Whither the Mainstream Media?

In the big-media world, the turmoil continues. At Market Watch, Bambi Francisco describes how the revolt among news consumers has impacted the economics of news producers:

Not only are some consumers not paying for content, some are displacing those heretofore assigned to create it and others are affecting the economics by their online-sharing behavior.
That additional power given to the audience is evident in the financial results of many companies.
In the magazine industry, advertising pages at Time Warner Inc.’s Time magazine were down 23.8% in 2006 from 2000, according to Publishers Information Bureau. Newsweek’s ad pages fell about 17.6% in the same period.
In the newspaper industry, the New York Times has been halved since trading above $50 in 2002.
In the music industry, sales of CDs have been declining in the last seven years and fell 20% in the first quarter of this year. And a significant distribution channel of music in the last two decades — retail outlets — saw 800 music stores shut down in 2006.

Some news outlets are responding by moving further in the direction of opinion:

In order to compete, the monolithic traditional magazine, newspaper and television networks appear to be relying on reporters to move up the value chain and become brands themselves to attract the audience. Why? It’s not a one-size-fits-all media world. The audience is learning or becoming conditioned to identify with a personality or expert or show, rather than one big institution. So each reporter/columnist must provide more analysis, more insight and more dedication to his or her trade to outperform and outshine the crowded stage of free stuff.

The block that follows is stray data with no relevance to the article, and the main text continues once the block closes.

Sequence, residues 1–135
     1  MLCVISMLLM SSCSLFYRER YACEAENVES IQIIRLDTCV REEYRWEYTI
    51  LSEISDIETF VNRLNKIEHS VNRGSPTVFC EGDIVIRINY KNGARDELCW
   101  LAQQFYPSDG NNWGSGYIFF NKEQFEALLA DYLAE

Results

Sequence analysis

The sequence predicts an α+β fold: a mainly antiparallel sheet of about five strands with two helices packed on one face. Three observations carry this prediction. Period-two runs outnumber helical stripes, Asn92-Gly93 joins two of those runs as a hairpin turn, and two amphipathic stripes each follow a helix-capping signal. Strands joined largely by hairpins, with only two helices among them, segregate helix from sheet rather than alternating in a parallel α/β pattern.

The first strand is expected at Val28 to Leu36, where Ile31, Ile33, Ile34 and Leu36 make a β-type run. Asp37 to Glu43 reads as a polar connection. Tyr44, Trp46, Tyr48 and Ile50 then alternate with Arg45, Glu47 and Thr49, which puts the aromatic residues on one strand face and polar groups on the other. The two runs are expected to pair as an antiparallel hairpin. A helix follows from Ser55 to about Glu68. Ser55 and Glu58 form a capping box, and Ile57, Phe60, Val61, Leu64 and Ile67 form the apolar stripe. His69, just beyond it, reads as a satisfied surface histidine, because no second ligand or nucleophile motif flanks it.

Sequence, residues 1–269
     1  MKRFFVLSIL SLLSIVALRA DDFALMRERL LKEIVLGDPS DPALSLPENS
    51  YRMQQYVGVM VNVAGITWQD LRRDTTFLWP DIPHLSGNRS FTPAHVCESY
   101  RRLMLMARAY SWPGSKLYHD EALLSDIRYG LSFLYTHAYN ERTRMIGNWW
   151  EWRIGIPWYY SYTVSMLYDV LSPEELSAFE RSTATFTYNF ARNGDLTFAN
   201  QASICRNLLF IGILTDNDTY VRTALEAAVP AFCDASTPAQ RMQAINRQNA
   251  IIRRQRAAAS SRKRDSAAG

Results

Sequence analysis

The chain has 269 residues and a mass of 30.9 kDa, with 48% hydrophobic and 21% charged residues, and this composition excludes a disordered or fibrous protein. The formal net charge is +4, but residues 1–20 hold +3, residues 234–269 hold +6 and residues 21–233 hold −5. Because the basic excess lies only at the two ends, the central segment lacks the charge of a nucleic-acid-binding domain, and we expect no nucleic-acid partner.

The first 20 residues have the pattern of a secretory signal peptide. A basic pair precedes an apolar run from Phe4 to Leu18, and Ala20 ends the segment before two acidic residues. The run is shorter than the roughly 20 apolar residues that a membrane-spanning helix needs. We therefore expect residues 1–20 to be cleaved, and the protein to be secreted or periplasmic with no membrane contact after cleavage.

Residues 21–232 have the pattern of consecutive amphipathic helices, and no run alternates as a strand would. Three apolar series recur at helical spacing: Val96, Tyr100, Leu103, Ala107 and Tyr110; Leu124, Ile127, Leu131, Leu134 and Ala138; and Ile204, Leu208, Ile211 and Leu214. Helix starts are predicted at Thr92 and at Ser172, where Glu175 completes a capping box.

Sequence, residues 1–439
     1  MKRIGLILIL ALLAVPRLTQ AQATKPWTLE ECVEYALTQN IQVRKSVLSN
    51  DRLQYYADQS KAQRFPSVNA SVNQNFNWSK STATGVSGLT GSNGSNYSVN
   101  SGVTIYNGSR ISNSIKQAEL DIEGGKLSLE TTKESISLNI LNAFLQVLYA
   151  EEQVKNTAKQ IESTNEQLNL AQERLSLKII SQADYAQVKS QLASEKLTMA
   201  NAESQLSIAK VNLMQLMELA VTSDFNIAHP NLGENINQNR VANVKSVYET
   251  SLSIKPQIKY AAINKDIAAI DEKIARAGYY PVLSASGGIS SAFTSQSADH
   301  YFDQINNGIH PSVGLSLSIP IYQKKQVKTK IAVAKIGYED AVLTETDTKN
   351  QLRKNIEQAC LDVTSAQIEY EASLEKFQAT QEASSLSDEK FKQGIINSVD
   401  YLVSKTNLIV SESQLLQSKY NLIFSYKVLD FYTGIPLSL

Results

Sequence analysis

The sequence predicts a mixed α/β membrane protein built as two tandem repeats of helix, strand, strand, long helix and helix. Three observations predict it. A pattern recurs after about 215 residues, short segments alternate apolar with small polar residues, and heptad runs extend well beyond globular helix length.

Regarding Time, the Wall Street Journal writes: “In addition to the new look, editors have invoked the Economist as a role model for the new Time — less of a news digest, more of an opinion journal.” It goes onto to say: “It’s a risky strategy for a mass-market magazine. If the appeal is too narrow, circulation could suffer, bringing advertising down with it.”

This strikes me as exactly the wrong approach. Commentary is, if not easy, certainly plentiful. The unique advantage of the traditional press is its ability to fulfill the primary news gathering and reporting function on which all else depends. Increasingly, though, that’s not what reporters and editors want to do. It is the loss of their reputation for reliability, not their “boring” devotion to fact, that has caused consumers to cancel their newspaper and magazine subscriptions and turn off the evening news.
The New York Times has more, via InstaPundit:

For newspapers, February was the cruelest month. So far.
Revenue from advertising was in striking decline last month, compared with February a year ago, and were generally weaker than analysts had expected.
At USA Today, the nation

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